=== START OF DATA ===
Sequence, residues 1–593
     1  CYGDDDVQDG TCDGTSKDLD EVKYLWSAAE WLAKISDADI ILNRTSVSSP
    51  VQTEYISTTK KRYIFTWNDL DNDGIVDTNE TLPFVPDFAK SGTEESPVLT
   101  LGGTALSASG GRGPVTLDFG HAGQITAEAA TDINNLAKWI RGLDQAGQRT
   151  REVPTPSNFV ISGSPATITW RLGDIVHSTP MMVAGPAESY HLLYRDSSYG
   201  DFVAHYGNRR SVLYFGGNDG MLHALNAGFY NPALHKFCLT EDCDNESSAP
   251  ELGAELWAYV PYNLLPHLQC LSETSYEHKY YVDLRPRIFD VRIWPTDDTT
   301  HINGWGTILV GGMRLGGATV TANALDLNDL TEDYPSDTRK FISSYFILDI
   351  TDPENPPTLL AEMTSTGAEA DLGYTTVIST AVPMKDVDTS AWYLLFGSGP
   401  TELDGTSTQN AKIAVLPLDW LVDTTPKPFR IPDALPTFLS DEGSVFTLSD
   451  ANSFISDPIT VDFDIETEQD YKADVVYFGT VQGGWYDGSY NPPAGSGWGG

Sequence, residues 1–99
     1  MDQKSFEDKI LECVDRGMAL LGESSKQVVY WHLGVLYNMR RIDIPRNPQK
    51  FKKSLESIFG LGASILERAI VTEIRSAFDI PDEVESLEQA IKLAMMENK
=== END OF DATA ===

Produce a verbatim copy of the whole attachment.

Sequence, residues 1–593
     1  CYGDDDVQDG TCDGTSKDLD EVKYLWSAAE WLAKISDADI ILNRTSVSSP
    51  VQTEYISTTK KRYIFTWNDL DNDGIVDTNE TLPFVPDFAK SGTEESPVLT
   101  LGGTALSASG GRGPVTLDFG HAGQITAEAA TDINNLAKWI RGLDQAGQRT
   151  REVPTPSNFV ISGSPATITW RLGDIVHSTP MMVAGPAESY HLLYRDSSYG
   201  DFVAHYGNRR SVLYFGGNDG MLHALNAGFY NPALHKFCLT EDCDNESSAP
   251  ELGAELWAYV PYNLLPHLQC LSETSYEHKY YVDLRPRIFD VRIWPTDDTT
   301  HINGWGTILV GGMRLGGATV TANALDLNDL TEDYPSDTRK FISSYFILDI
   351  TDPENPPTLL AEMTSTGAEA DLGYTTVIST AVPMKDVDTS AWYLLFGSGP
   401  TELDGTSTQN AKIAVLPLDW LVDTTPKPFR IPDALPTFLS DEGSVFTLSD
   451  ANSFISDPIT VDFDIETEQD YKADVVYFGT VQGGWYDGSY NPPAGSGWGG

Sequence, residues 1–99
     1  MDQKSFEDKI LECVDRGMAL LGESSKQVVY WHLGVLYNMR RIDIPRNPQK
    51  FKKSLESIFG LGASILERAI VTEIRSAFDI PDEVESLEQA IKLAMMENK